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The Drug of Choice in a Heart-Stopping Emergency

Study finds amiodarone twice as effective as lidocaine

WEDNESDAY, March 20, 2002 (HealthDayNews) -- The patient is rushed into the emergency room close to death, with a heart that has stopped pumping blood because its regular beat has been changed to the irregular fluttering called ventricular fibrillation.

The emergency room tries to restore a regular beat by using a defibrillator to give an electric shock. It doesn't work. A second and a third shock also fail.

What then?

Current American Heart Association guidelines say the doctor should inject a drug that can restore normal heart rhythm. A relatively new drug, amiodarone, is preferable, the guidelines say, but an older drug, lidocaine, can also be used. Lidocaine, in fact, is used by many emergency rooms, mostly out of force of habit.

But in what one expert calls a "landmark finding," a carefully controlled new trial has tipped the scales firmly in favor of amiodarone, at least in terms of immediate survival.

Amiodarone was almost twice as effective as lidocaine at keeping patients alive so they could be admitted to the hospital, says a report in tomorrow's New England Journal of Medicine by emergency care physicians at St. Michael's Hospital in Toronto.

"Like a lot of things in medicine, which medication to use hasn't been based on science, it's been based on what has always been done," says Dr. Dan Cass, chief of emergency medicine at St. Michael's, and a leader of the study. "This is the first trial that looked at a new therapy compared to an old therapy."

The results were striking. Of the 180 patients given amiodarone, 22.8 percent survived to be admitted to the hospital. The survival rate for the 167 patients who were given lidocaine was 12 percent.

It is "a landmark study, an important study that starts to lead us to ultimate answers," says Dr. Vinay Nadkarni, professor of anesthesia and pediatrics at the University of Pennsylvania, and chairman of the American Heart Association's emergency cardiovascular committee, which helps set the drug-use guidelines.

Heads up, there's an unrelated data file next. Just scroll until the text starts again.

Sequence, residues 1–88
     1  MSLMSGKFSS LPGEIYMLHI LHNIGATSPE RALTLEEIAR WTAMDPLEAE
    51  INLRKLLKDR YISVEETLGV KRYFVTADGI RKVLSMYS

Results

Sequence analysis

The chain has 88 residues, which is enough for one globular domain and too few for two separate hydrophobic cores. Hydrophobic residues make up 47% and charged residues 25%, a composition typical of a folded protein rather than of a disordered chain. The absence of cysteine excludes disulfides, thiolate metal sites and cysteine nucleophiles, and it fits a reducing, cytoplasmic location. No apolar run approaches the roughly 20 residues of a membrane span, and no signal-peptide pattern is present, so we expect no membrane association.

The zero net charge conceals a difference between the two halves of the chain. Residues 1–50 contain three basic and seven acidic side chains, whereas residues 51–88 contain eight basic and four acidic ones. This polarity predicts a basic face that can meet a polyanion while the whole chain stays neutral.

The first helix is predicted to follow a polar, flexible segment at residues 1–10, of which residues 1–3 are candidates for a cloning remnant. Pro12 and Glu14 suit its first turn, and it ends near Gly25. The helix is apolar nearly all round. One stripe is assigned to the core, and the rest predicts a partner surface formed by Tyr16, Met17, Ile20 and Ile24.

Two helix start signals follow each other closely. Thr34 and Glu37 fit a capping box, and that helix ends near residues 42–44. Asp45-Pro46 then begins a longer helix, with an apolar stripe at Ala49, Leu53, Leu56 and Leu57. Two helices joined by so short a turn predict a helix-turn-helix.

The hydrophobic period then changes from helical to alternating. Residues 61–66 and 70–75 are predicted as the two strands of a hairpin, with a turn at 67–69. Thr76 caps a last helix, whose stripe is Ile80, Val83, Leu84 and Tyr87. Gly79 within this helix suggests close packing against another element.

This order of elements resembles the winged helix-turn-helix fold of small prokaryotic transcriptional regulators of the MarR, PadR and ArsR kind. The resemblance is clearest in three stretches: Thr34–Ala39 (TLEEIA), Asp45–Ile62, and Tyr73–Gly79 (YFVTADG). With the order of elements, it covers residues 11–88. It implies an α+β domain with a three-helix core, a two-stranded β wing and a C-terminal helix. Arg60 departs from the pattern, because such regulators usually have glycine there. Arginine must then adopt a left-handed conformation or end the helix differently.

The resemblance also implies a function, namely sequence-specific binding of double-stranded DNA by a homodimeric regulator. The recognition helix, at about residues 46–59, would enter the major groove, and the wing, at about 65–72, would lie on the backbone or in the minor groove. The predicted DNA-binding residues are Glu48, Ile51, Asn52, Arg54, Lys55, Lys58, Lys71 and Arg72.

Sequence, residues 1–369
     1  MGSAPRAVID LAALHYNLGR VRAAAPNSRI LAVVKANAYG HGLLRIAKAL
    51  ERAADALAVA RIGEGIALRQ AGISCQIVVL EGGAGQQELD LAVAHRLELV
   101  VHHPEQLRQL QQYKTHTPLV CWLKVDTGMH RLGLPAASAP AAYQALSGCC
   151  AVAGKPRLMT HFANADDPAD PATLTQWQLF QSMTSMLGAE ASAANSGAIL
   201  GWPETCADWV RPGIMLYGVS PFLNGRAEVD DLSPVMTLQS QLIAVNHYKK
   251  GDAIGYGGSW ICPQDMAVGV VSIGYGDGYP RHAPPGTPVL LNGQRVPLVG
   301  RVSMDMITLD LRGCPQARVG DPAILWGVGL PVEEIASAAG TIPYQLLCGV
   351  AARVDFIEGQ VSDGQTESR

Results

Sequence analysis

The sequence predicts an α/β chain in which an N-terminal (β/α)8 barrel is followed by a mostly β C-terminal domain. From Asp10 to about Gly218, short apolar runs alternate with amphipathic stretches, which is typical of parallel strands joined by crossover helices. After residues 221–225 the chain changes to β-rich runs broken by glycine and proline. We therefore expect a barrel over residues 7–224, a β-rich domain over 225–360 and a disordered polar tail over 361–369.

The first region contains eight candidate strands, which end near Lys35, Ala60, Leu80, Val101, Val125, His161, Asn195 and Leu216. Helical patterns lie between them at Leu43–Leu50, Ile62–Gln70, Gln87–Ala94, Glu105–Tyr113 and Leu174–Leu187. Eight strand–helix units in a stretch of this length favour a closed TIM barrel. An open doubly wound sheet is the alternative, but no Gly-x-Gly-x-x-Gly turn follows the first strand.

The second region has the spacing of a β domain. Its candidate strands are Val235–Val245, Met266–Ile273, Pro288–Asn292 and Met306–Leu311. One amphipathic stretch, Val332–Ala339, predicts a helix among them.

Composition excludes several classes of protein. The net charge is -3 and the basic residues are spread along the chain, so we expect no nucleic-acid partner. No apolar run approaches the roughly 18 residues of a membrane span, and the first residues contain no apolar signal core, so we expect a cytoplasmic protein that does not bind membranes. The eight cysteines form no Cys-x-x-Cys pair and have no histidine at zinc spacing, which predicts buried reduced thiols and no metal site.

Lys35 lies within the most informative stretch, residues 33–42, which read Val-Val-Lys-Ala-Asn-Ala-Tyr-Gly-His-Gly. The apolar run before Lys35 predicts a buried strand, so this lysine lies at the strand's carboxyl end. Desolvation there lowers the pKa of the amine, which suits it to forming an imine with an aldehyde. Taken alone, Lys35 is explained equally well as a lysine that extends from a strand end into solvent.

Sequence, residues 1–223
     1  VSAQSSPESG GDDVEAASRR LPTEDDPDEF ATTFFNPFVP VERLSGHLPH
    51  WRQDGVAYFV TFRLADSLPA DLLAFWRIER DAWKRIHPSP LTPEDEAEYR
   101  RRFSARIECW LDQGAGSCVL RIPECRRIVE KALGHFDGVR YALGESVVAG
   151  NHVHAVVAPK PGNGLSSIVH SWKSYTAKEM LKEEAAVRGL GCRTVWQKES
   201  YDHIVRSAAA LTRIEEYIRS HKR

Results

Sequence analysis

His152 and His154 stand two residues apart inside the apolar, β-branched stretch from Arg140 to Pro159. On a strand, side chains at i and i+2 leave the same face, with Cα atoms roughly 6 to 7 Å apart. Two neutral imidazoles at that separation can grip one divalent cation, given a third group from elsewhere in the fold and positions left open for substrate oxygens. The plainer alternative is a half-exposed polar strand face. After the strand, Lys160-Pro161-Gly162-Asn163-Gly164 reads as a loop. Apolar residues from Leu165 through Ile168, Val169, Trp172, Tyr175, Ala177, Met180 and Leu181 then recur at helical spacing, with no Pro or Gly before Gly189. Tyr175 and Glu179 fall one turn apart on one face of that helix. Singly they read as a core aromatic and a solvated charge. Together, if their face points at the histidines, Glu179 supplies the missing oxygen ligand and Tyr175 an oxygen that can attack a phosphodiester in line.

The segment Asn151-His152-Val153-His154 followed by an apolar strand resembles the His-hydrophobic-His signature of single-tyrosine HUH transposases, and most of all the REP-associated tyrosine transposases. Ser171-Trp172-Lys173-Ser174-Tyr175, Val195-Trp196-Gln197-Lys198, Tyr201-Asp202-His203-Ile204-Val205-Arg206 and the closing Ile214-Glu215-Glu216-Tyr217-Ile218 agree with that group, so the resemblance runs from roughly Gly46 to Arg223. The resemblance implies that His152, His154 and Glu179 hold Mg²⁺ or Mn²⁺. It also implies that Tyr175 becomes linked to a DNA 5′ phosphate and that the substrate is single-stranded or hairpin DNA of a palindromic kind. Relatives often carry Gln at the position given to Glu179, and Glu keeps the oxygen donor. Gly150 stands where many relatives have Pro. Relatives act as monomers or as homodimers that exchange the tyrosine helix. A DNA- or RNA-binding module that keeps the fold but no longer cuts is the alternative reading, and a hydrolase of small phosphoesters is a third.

But the Canadian study does not provide the ultimate answer, Nadkarni adds. "The main question that remains unanswered is whether a medicine or other intervention improves survival to hospital discharge," he says.

"What is needed now is a large, multicenter trial looking at the effects of therapy not only on survival to hospital admission but to hospital discharge," Cass adds.

Although such a study is "desperately needed," it would be difficult to plan and carry out, Nadkarni says, in part because of the ethical issue of withholding a drug from patients that has been shown to be effective in the short term.

The immediate effect of the Canadian study will be to "very much support and corroborate the guidelines that were set in August 2000," Nadkarni says. "This study is very much in step with those guidelines," which call amiodarone the drug of choice.

Choosing his words carefully, Nadkarni says the Canadian study, "under certain conditions, which are dependent on the emergency medical system, will potentially change practice for those systems that believe improved survival to hospital admission is a clinically important outcome."

What To Do

Whatever the emergency room treatment, its effectiveness depends on the speed with which it is given. So people should be aware of the signs and symptoms of a heart attack or ventricular fibrillation and the need to get help quickly.

For a primer on ventricular fibrillation, go to the American Heart Association, or this U.S. Food and Drug Administration site.

SOURCES: Dan Cass, M.D., chief of emergency medicine, St. Michael's Hospital, Toronto, Canada; Vinay Nadkarni, M.D., professor of anesthesia and pediatrics, University of Pennsylvania, Philadelphia; March 21, 2002, New England Journal of Medicine
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